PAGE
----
South Africans organisations: DA Abroad
We spoke to Ludre Stevens, the UK chairman of DA Abroad. The investment banker, 30, told us about joining the Democratic Alliance in London and how it all works.
What is the DA Abroad?
A network of South Africans living overseas who want to contribute to South Africa: whether through activism, money, skills, business opportunities or voting overseas. How long has it been going? About 8 months – we have hubs with organising committees in the UK, the Netherlands, South Korea and in Australia and we’re starting hubs in a number of other places.
What are your goals?
We have five goals globally. We want to make it easier for South Africans living overseas to vote. We want an army of activists to create international awareness about issues back home. We want to re-enchant South Africans and create a community that sends back skills, business contacts and creates a good image of South Africa. Our fourth objective is to make contact with the international business community and our fifth is to spread the word about the Democratic Alliance (DA).
How do you fit into the DA?
We were recognised under the DA’s constitution at the DA’s Congress in Cape Town in July.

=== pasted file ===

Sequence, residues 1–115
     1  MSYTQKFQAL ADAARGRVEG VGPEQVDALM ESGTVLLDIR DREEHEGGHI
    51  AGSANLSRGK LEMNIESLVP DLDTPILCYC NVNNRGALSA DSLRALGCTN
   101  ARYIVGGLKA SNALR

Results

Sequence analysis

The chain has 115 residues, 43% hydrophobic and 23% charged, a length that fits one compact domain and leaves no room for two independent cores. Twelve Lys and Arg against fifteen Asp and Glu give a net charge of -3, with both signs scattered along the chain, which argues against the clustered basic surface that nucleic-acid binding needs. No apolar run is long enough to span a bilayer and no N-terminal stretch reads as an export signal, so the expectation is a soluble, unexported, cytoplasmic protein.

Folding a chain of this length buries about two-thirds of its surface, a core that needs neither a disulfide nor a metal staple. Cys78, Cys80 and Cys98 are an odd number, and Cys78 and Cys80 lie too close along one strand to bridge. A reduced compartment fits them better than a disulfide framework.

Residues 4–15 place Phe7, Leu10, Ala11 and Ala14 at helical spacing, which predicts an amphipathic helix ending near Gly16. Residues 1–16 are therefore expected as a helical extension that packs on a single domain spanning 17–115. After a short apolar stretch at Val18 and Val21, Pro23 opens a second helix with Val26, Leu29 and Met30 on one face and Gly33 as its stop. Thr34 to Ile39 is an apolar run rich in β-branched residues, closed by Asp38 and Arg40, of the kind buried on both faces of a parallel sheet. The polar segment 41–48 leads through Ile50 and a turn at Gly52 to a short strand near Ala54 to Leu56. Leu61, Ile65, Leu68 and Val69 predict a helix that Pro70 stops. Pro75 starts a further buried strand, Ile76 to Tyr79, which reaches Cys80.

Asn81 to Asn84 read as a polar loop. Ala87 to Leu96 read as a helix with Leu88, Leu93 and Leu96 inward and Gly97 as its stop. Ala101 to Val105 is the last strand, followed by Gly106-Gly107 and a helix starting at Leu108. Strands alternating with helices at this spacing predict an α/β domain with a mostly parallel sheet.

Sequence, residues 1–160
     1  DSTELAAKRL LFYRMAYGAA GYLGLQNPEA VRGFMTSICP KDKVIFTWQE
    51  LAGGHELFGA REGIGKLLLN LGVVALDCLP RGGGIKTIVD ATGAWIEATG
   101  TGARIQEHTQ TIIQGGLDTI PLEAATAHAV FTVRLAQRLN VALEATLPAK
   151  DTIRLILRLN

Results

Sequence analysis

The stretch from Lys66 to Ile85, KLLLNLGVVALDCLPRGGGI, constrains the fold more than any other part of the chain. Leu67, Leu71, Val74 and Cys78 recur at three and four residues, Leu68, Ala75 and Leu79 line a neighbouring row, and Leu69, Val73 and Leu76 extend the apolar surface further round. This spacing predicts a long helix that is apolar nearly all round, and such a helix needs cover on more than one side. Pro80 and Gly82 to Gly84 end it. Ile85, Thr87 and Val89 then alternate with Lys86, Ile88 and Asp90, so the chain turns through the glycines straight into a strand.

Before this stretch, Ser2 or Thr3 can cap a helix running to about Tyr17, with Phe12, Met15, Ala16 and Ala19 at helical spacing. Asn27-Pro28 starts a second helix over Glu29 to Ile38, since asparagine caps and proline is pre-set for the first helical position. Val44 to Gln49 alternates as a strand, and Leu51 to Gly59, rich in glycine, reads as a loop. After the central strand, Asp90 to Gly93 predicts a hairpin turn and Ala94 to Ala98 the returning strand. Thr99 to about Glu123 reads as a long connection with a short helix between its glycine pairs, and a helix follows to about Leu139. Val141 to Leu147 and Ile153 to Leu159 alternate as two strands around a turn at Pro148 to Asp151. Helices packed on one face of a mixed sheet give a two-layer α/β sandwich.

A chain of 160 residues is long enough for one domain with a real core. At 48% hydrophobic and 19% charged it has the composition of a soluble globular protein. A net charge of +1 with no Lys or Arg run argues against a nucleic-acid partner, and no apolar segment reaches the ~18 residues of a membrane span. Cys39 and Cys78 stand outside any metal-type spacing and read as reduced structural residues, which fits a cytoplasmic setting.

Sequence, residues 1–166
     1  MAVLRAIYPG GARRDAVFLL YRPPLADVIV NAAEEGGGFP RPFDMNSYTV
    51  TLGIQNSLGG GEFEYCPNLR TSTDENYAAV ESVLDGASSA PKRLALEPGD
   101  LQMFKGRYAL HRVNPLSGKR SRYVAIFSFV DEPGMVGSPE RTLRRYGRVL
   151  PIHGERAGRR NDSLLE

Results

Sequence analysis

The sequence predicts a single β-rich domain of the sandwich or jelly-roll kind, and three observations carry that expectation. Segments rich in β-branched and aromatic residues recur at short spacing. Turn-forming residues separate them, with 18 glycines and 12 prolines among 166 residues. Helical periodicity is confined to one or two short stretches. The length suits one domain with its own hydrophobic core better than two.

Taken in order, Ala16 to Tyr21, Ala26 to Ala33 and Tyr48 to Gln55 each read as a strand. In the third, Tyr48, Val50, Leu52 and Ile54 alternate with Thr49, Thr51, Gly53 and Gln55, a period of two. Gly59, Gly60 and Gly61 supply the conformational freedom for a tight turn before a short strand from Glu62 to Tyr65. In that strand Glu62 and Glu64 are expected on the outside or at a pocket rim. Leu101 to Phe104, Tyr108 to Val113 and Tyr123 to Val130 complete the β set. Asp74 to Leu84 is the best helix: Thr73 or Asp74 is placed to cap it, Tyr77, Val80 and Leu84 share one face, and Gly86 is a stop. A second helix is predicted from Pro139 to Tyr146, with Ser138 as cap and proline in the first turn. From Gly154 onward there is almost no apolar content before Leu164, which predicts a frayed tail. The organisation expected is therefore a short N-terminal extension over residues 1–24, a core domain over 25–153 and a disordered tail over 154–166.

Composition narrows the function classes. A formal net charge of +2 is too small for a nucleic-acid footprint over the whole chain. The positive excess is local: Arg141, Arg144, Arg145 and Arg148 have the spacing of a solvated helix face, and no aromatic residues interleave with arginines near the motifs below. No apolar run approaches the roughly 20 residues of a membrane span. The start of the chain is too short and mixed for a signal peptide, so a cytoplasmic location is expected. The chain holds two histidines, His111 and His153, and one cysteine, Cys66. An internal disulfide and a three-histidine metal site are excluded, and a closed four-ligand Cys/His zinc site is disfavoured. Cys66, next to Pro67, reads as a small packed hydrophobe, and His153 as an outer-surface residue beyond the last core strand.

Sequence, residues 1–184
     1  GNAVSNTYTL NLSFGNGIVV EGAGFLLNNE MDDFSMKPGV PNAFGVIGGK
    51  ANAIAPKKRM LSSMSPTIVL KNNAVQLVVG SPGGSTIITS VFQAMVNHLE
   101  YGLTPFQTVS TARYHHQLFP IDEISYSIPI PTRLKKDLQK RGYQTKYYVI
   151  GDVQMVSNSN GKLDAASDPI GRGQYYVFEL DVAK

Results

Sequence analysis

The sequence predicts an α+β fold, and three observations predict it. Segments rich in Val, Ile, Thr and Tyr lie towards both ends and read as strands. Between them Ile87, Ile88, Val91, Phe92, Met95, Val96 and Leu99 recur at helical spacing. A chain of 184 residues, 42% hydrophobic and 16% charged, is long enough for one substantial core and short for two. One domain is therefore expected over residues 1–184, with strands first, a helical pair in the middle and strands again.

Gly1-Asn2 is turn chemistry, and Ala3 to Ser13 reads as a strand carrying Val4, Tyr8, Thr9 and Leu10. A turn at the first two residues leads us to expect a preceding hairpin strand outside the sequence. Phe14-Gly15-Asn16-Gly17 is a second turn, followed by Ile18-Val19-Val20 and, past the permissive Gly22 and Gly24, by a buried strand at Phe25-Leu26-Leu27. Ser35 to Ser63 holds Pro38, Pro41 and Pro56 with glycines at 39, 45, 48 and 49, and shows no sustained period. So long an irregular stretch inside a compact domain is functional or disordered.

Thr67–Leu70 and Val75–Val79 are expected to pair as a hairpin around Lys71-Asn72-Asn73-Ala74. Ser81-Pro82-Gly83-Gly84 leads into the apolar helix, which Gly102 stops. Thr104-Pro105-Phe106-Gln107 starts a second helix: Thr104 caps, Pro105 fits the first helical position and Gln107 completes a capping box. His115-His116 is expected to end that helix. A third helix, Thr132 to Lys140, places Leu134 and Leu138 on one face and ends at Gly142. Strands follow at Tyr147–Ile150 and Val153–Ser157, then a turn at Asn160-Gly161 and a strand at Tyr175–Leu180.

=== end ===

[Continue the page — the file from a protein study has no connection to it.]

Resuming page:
Who is joining?
Paid up DA members who also want to be involved here, South Africans who don’t officially want to be DA members but join DA Abroad and supporters who aren’t SA citizens but support the DA.
Is social networking helpful?
It is our backbone.
What links do you have?
We have links with the Lib Dems and are building up relationships with other liberal organisations like the African Liberal Network.
What does liberalism mean?
An open society, freedoms, transparency and no cronyism.
Is the DA a negative party?
It’s your job to point out the bad things as the opposition. Now, we’re the official opposition – and the government in the Western Cape. We can show what fundamental good governance is. Helen Zille’s criticism of President Zuma and his presidency was based on facts and events that happened. The way she was attacked by the ANC calling her a ‘whore with a white cabinet’ – you can’t compare the two.
Why should people join?
The DA Abroad gives them the chance to give something back.
The nationalisation of the mines...and farmlands – the perception was that liberals always just said ‘No, no, no’.
We’re not just saying no...we are saying it must be done the right way. If we get it right it will advance our economy and help to build our nation but if we get it wrong it could be Zimbabwe all over again. There is a need for the fair distribution of assets for everybody in South Africa through an open, transparent process.
Where is your support?
The DA is doing very well in the Western Cape – and now there’s a merger with Patricia de Lille’s Independent Democrats.
Is there growing black support?
The DA is fundamentally a non- racial organisation so I haven’t got the actual numbers – but there are now more black members than white members. That perception has to change too...
ANC Abroad is more of an informal organisation at present, but can also be found on facebook.